Britney Spears is not the subject of an impending intervention, according to Britney Spears. The rumor sprang from (who’d’ve thought) TMZ, which claimed her family (this time husband Sam Asghari, not her parents) are afraid for her life, that she’s been taking some unnamed medications and “flying off the handle.” An intervention was planned and called off; Spears instead met with a doctor and it “went well.”
Except the tabloid report isn’t true, according to the woman herself. “It makes me sick to my stomach that it’s even legal for people to make up stories that I almost died … I mean at some point enough is enough !!!” Spears posted on her Instagram. “I’m probably going to have to stop posting on Instagram because even though I enjoy doing it, there’s obviously a lot of people who don’t wish me well !!! I’m honestly not surprised at all. … Again doing the best I can !!!”
She concluded on a pertinent reminder: “Again, the conservatorship has been over for almost a year … No folks, it’s not 2007 … it’s 2023 and I’m making my first homemade lasagna at home !!! I finally got my fireplace to work in my living room !!! As my hubby says it best: don’t believe everything you read !!! All that love right back at ya !!!”
It’s no wonder that Spears needs to point out that we are no longer in the aughts; the playbook is the same. Maybe the language has evolved—we’ll call it a “mental health crisis” instead of “going crazy”—but the exploitation of a famous woman’s wellbeing is all too familiar. The fact of the matter is that Britney-in-crisis is good for business. It was good for Jamie Spears, who used his 25-year-old daughter’s troubles to assume vampiric control over her personal and professional life. And it was certainly good for the tabloids, which have essentially spun the Britney beat into its own lucrative industry.
Hardly any media outlet is totally exempt from this implication, but perhaps none is more complicit in Spears’ exploitation than Harvey Levin’s TMZ. “Britney is gold. She is crack to our readers. Her life is a complete train wreck, and I thank God for her every day,” Levin said in 2006 (via The New York Times). “Britney is Old Faithful” for luring in traffic, he shared in 2007, morbidly adding that, love her or hate her, “everybody wonders how it’s going to end.” Except it never has ended, and Levin and his company have continued to make money off of Spears’ struggles for nearly two decades. Some fans have even speculated that TMZ has colluded with the pop star’s family, mutually assuring and exacerbating an existing issue. All this to say, when stories begin circulating about Spears’ mental health (particularly based on suspicious anonymous sources), it’s worth asking: Who benefits from this?
Of course, the gossip rags aren’t the only party to blame for continuing to cash in on the Spears train. The New York Times, several notches up from TMZ on the journalistic respectability scale, attempted to examine the media’s exploitation of the star, but for Spears herself, the call may as well have been coming from inside the house. In the wake of the Framing Britney Spears documentary, she posted that she hadn’t watched it in full but nevertheless “cried for two weeks” over it. “I have been exposed my whole life performing in front of people,” she wrote. “It takes a lot of strength to TRUST the universe with your real vulnerability cause I’ve always been so judged… insulted… and embarrassed by the media… and I still am till this day.”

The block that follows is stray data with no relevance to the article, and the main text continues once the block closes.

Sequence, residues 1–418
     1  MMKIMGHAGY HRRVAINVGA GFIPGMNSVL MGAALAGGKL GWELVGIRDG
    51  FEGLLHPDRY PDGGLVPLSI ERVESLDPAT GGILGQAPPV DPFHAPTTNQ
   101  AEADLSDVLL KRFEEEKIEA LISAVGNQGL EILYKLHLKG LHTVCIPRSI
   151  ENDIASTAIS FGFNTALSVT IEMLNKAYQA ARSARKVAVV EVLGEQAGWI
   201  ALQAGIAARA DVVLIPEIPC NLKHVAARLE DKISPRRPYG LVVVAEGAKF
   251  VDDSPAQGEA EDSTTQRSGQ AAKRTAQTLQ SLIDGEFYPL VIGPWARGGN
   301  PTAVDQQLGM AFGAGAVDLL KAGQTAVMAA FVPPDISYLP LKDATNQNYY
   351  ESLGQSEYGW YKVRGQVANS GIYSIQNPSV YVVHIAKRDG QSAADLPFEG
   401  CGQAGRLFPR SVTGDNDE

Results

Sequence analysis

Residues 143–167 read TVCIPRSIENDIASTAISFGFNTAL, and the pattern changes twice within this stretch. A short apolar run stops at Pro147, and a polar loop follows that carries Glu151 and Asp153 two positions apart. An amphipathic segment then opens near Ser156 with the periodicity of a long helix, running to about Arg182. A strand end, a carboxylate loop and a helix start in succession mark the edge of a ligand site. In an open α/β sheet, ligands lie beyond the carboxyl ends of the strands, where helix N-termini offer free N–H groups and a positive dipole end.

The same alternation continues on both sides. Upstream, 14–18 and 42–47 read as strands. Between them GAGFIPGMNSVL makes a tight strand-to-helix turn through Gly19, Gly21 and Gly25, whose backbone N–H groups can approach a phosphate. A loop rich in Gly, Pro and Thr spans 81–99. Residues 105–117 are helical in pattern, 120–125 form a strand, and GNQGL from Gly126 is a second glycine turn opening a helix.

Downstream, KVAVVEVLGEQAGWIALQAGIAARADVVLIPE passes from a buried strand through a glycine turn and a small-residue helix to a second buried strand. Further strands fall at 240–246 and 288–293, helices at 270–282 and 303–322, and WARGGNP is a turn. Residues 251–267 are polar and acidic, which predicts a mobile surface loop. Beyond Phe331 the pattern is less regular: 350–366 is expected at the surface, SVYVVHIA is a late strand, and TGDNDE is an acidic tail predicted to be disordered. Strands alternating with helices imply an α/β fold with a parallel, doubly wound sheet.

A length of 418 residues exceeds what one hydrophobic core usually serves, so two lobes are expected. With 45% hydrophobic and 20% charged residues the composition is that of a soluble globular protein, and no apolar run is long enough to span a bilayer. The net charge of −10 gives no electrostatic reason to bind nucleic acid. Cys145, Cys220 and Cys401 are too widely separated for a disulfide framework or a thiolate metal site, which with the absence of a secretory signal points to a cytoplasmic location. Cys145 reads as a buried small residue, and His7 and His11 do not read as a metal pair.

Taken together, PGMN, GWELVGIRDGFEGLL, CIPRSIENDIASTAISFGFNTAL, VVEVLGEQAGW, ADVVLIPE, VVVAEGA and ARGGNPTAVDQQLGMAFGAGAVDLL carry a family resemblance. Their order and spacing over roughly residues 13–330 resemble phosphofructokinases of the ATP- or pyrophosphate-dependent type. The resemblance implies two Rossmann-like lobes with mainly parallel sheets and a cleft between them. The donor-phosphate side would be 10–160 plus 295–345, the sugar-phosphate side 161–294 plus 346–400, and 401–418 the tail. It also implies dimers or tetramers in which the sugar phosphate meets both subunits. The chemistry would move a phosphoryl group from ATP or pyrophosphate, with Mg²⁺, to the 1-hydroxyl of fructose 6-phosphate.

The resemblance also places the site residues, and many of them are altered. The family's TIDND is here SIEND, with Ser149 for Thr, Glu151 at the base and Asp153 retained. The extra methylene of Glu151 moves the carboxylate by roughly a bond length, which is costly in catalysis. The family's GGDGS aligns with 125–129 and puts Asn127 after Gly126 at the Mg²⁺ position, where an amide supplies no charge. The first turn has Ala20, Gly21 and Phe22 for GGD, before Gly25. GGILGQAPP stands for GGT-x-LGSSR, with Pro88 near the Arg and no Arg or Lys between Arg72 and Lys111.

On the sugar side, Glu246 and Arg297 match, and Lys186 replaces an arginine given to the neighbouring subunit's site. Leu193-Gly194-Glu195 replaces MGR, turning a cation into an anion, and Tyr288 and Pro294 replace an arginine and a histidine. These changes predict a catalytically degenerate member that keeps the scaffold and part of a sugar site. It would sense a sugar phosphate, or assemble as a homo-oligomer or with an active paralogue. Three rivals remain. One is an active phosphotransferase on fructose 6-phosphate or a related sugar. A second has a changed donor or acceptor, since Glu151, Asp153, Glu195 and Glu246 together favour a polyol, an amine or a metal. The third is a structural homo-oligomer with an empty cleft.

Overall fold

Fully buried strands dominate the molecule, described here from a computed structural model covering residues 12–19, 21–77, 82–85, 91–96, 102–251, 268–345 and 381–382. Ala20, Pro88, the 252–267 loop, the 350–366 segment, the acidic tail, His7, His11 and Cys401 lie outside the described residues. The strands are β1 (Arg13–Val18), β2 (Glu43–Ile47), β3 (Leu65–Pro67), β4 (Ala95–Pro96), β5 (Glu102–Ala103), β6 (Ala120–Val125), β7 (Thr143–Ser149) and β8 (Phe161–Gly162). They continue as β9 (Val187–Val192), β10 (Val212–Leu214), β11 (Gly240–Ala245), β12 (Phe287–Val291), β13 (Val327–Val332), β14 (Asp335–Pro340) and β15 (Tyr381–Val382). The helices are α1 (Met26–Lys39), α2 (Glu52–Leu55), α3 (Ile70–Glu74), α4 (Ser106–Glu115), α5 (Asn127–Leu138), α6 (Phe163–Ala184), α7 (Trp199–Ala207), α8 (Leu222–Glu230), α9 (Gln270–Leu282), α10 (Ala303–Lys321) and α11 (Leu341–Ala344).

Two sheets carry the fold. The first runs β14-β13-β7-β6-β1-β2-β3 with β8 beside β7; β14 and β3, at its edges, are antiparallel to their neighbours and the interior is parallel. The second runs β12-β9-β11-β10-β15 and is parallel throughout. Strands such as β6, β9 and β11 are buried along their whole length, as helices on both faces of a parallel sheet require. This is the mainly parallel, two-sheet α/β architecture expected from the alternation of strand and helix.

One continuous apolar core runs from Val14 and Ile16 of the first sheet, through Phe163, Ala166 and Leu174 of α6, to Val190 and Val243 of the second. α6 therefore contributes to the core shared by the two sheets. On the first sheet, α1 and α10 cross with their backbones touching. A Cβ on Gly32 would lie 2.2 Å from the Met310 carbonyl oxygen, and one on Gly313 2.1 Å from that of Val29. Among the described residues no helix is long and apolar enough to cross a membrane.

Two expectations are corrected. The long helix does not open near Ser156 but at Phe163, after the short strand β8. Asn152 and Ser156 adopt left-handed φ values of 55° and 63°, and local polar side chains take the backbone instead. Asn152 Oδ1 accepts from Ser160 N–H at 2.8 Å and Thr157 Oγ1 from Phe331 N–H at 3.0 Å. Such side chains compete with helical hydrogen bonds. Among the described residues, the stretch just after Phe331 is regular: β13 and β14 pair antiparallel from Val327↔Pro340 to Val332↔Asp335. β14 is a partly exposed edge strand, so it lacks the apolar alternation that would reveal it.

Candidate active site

Even her loyal fans bear some fault for the singer’s current predicament. While the #FreeBritney movement may have helped end the conservatorship, supposedly well-meaning fans have now taken a paternalistic, overzealous interest in her welfare. “I love and adore my fans but this time things went a little too far and my privacy was invaded,” Spears posted to social media last month after police visited her home in a welfare check reportedly called in by fans. Law enforcement “quickly realized there was no issue and left immediately,” but the incident left her feeling that she was “being gaslit and bullied once the incident made it to the news and being portrayed once again in a poor and unfair light by the media.” She concluded the message with a request for privacy, but a source told BuzzFeed News that these welfare checks are being called by fans “fairly often.”
Spears can’t enjoy the privacy of her own home without fans (see also: total strangers) violating her peace. She can’t go out in public without the expectation of someone filming her and selling the footage to a tabloid to portray her in the worst possible light. A People source, picking up on TMZ’s story, voiced reasons for the intervention that include her being “increasingly combative” and that she “has a lot of anger.” If that’s true—and it’s a big if, coming from another anonymous tabloid source—could anyone blame her? The conservatorship may be over, but the unceasing, invasive attention of the world makes it so that Spears’ life still isn’t her own.
Spears said, in her 2021 court testimony, that she no longer trusts people after what she’s been through with her conservatorship. People, in general, haven’t done much to regain her trust. This is someone who takes pleasure in making lasagna (her first ever!) and getting her fireplace fixed, posting stream-of-consciousness reflections on her social media, and sharing videos of herself dancing. She no longer seems interested in the business of Britney Spears, yet the public won’t let go. Will we ever be able to view her as a person—with respect for her privacy, her boundaries, and even her very reasonable anger—rather than a product? Will there ever be a day when we actually, finally, leave Britney alone?